What new laws are taking effect this spring in New Mexico?

Santa Fe, NM (KRQE)- In 2024, state lawmakers passed a handful of new laws that will affect the state. Some key laws are taking effect this spring.

Lawmakers recently approved a wide range of bills, from gun-related regulations to requiring students to meet consistent requirements to graduate high school. Many of these new laws will take effect on May 15.

House Bill 129, which creates a seven-calendar-day waiting period for firearm purchases, takes effect May 15. The concept received intense debate and was reduced from 14 days to seven before final approval. Some say it could affect the way gun shows are run.

Also coming into force in May is a bill aimed at ensuring that voters are not cheated at the polls. House Bill 182 requires disclaimers in advertisements that are “materially deceptive” and makes it an election violation to distribute materially deceptive media.

Lawmakers also passed a bill to secure polling places. The Senate bill takes effect on May 5 and would make it a crime to carry a firearm near a polling place, though there are some exceptions.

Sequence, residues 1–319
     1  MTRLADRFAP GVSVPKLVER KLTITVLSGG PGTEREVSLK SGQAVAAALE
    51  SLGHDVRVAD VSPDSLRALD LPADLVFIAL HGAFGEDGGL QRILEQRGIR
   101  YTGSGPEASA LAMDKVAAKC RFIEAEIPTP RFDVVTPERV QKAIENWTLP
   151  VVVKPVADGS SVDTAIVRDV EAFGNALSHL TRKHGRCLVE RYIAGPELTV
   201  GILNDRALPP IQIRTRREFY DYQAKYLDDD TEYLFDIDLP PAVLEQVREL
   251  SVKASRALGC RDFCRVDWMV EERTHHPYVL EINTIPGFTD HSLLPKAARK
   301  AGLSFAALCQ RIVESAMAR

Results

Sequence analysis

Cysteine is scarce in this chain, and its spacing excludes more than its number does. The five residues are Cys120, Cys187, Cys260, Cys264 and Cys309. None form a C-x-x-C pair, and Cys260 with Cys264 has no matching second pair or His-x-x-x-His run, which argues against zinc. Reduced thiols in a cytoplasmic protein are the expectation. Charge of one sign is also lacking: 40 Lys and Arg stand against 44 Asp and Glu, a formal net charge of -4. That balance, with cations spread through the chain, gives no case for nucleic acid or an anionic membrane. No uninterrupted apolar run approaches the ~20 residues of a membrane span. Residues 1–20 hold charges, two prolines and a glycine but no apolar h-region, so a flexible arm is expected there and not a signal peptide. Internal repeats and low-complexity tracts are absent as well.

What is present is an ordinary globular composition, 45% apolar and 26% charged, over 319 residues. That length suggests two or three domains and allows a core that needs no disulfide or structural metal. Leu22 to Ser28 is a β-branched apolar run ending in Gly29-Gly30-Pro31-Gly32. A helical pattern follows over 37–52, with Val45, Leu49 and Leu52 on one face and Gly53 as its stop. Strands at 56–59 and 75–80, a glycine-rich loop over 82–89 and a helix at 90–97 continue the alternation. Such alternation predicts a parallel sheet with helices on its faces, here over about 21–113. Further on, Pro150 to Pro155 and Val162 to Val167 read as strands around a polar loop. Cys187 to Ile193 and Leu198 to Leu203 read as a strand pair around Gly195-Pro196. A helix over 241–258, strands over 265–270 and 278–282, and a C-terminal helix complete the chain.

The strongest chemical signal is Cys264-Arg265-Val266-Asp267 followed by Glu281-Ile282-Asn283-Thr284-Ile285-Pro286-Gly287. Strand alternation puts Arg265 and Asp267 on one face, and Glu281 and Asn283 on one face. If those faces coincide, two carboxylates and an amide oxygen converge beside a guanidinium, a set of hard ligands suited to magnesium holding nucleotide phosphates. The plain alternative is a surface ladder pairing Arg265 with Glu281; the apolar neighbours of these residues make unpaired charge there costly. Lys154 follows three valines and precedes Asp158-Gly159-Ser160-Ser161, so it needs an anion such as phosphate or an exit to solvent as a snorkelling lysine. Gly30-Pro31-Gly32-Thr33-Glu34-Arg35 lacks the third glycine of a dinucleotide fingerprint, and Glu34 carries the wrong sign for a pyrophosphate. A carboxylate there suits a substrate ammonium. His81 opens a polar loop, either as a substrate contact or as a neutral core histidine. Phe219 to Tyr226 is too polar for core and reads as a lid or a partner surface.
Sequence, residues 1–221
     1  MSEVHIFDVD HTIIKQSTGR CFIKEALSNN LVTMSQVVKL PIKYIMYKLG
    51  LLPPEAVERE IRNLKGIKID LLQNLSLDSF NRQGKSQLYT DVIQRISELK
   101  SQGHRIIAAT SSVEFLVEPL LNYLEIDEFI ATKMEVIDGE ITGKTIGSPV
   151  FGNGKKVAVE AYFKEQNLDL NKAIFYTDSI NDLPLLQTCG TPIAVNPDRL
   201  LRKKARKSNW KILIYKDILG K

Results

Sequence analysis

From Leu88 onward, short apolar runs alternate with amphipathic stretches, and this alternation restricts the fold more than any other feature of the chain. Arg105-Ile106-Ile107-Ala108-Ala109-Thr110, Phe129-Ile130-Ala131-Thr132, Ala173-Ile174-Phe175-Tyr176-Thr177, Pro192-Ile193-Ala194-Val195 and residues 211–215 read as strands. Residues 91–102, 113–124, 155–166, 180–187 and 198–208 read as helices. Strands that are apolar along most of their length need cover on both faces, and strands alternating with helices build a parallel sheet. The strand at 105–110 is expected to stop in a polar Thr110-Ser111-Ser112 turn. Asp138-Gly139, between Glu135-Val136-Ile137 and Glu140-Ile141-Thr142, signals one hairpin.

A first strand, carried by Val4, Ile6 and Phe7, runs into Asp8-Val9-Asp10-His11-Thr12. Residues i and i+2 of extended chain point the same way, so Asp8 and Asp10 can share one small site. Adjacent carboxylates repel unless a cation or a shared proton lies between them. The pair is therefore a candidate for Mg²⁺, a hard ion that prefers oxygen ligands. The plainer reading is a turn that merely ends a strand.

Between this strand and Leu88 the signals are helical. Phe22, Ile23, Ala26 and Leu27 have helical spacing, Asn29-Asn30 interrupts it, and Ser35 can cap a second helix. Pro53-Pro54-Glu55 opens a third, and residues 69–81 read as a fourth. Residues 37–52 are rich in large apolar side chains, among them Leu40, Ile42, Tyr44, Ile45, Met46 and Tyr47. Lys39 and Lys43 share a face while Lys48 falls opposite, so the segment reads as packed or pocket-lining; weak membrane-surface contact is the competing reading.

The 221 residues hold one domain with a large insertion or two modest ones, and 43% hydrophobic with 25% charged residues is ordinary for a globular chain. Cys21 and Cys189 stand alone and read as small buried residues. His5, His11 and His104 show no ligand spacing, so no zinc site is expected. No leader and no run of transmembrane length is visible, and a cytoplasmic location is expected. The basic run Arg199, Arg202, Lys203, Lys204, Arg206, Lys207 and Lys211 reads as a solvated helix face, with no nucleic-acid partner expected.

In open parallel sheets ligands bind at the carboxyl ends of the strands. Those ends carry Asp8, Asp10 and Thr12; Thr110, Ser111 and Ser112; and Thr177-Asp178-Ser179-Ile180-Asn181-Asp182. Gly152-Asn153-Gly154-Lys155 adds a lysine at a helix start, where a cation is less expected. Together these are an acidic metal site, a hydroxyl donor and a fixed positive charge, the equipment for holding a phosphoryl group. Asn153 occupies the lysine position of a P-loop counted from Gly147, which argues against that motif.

Several school-related laws take effect in May. This includes House Bill 171, which would require the New Mexico Department of Public Education to implement harmonized high school graduation requirements for students entering ninth grade in the 2025-2026 school year. New reporting policies and procedures for affirmative action at colleges and universities (House Bill 151) will go into effect in May.

A hotly debated bill taking effect is one that would require the state to create a clean fuel standard similar to the rules used in California. The idea is to help New Mexico push toward more environmentally friendly cars, trucks and transportation, but opponents say the requirements could make low-income New Mexicans spend more at the pump. Supporters say the rules could spur job growth.

Several other new laws are taking effect this spring. These include changes to government funding, salary increases for New Mexico Supreme Court justices and funding for public school construction projects.

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